Tech Startup: Sphero Spinoff Crafts Functional Consumer Robots
Misty Robotics' 10-year plan calls for about three years in an “inventor phase”
INITIAL LIGHT BULB
Founder and Head of Product Ian Bernstein also started Sphero, the Boulder toymaker that made the rolling BB-8 robot for the “Star Wars” franchise.
With a vision of a more utilitarian robot for every home and office, Bernstein reached out to Tim Enwall, formerly CEO of Revolv and Tendril Networks, to help raise capital and guide the new company. “I absolutely fell in love with Ian,” Enwall says. “He’s a genius.”
As Enwall joined as CEO, Sphero spun Misty Robotics off as a separate company in June 2017. “Mostly that was about focus,” Enwall says. “Sphero is really about connected play. They needed to devote all of their capital and leadership to connected play.”
IN A NUTSHELL
Misty Robotics is developing functional robots for the home and workplace that can be programmed by non-coders in about 30 minutes.
While many specifics remain under wraps, the company’s 10-year plan calls for about three years in an “inventor phase,” followed by early adoption in years four through six, and then “more mass-market environments” by 2027, Enwall says.
The Misty I robot shipped to a select list of developers in February. “It’s a prototype that went out to a few dozen hardcore developers who are really into robotics,” Enwall says.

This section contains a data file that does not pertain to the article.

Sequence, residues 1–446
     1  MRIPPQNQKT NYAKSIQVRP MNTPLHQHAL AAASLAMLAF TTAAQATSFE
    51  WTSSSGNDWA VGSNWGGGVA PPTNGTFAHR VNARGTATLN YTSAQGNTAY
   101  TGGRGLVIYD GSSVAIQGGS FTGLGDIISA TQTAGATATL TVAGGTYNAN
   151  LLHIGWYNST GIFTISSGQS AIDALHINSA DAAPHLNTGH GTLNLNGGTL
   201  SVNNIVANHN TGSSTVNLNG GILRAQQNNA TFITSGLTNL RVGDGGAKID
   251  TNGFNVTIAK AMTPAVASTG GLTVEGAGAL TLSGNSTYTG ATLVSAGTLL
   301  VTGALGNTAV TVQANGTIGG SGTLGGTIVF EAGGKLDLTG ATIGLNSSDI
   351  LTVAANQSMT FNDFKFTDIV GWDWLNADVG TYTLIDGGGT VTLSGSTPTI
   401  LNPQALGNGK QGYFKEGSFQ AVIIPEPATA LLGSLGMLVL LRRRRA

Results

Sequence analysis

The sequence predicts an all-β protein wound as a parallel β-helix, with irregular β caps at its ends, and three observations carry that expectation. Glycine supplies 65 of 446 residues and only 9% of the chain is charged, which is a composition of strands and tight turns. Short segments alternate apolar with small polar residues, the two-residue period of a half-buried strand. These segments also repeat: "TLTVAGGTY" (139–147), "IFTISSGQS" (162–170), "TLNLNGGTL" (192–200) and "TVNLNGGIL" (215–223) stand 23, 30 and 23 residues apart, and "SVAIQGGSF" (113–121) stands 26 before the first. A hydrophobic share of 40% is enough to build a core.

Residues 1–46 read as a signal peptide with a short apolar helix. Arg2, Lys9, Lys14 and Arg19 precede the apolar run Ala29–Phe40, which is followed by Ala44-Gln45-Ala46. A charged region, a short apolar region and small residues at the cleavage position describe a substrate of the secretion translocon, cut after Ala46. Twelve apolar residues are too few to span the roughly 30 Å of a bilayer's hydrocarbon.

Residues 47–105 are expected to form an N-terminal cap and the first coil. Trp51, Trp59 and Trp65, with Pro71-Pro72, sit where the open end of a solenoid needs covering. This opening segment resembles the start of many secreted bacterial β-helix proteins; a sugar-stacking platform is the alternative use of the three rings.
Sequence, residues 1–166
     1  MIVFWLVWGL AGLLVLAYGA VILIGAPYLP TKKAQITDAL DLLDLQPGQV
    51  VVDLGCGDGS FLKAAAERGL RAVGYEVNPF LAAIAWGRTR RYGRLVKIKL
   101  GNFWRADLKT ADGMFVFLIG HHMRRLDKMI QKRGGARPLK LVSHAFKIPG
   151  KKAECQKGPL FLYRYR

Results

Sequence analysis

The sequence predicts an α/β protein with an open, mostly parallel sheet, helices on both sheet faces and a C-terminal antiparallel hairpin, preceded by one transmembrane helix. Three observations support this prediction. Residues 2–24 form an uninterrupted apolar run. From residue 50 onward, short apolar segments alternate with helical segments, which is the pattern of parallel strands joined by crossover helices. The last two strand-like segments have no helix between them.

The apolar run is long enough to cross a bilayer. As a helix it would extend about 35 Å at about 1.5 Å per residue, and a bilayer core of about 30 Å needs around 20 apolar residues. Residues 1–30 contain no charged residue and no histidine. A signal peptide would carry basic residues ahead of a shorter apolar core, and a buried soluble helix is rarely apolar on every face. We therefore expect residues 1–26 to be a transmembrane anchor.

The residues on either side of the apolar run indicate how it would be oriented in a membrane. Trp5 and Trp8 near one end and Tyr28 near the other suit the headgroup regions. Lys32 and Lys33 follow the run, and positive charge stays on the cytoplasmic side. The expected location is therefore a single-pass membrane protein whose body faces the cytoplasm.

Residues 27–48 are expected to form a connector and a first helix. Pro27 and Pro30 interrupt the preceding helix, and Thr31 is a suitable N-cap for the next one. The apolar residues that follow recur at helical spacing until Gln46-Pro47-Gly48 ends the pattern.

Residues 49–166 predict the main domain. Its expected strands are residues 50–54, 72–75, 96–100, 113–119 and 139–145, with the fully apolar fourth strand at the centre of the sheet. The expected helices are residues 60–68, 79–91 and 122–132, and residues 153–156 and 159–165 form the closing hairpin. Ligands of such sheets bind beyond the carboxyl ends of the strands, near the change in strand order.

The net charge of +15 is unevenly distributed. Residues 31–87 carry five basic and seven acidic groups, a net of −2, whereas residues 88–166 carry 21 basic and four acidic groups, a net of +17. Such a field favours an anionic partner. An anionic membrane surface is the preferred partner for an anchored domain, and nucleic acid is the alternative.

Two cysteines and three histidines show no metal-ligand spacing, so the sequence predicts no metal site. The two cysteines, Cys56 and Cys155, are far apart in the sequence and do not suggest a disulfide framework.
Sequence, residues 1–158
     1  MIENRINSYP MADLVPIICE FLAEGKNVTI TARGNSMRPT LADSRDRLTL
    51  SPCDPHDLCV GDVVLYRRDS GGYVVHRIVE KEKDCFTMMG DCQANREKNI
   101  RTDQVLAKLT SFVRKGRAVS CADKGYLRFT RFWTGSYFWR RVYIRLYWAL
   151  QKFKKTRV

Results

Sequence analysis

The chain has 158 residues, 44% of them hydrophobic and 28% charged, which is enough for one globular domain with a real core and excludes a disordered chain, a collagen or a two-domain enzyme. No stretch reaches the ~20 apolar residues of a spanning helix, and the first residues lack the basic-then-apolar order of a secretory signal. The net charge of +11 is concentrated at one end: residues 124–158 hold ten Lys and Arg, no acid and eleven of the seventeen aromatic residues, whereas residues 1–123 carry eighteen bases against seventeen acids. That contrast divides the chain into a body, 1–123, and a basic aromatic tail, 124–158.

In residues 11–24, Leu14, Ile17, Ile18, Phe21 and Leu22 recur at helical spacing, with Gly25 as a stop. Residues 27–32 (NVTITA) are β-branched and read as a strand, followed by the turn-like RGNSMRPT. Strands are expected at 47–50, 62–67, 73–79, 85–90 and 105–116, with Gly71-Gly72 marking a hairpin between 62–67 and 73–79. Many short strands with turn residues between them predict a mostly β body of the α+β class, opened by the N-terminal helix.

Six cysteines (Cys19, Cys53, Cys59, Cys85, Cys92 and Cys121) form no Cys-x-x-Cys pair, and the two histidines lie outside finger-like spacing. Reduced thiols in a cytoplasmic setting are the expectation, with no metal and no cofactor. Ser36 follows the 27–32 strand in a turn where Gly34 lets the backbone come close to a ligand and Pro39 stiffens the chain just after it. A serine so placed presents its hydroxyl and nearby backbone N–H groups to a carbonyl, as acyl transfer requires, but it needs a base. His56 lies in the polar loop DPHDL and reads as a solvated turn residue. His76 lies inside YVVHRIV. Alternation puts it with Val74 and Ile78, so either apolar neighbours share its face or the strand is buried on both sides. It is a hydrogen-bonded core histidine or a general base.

The Misty II will hit the broader market by the end of 2018; the retail price has yet to be determined. The Misty I units were made in Boulder, but the Misty II will be manufactured by Jetta, the same company that makes Sphero’s products in China. Enwall says Bernstein has an “incredible relationship” with Jetta. “They’ve produced 3 million robots for Sphero,” he says. “It’s an incredible advantage for a company like Misty.
“There are still a lot of challenges with building this robot,” Enwall says, with “both digital and physics problems to solve.” Artificial intelligence has a ways to go, as does grasping and manipulation robotics, at least within the consumer price point.
Enwall also points to integrating depth-mapping technology from Boulder-based Occipital, an industry first for robotics, to allow for autonomous mobility. Not only does it involve a complex technological challenge from an engineering and design standpoint, but it also involves “navigating home environments from plush carpeting to concrete,” Enwall says. “You’ve got to overcome socks, extension cords and various things on the ground.”
Enwall says early uses might involve security, elder care and “greeting and guiding,” but emphasizes that users will largely determine what Misty’s robots are best at.
“Our whole hypothesis is that there are millions of programmers out there who have dreamed of programming a robot and have never been able to,” he says. “If you look at the dawn of the web and you asked, ‘What are the uses?’ the answer was, ‘Nobody knows.’ That’s the case here. Developers have never been able to access an easy-to-program robot.
“The ideas are just rampant,” he adds, and highlights a developer working on a program to make a guide for conferences. On “the whimsy side,” participants in a late 2017 hackathon developed “synchronized robots” and are now set on producing a soap opera starring Misty’s robots.
Enwall says that taller robots, outdoor-ready robots, and other iterations will follow the initial release. “We’ll have different models of robots,” he says.
An investment group led by Venrock and Foundry Group staked Misty Robotics with $11.5 million in a Series A financing round when the company spun off from Sphero. “We’re pretty well set,” Enwall says. “We’re 100 percent focused on solving some technological problems and getting a product on the market and getting our hypothesis validated.”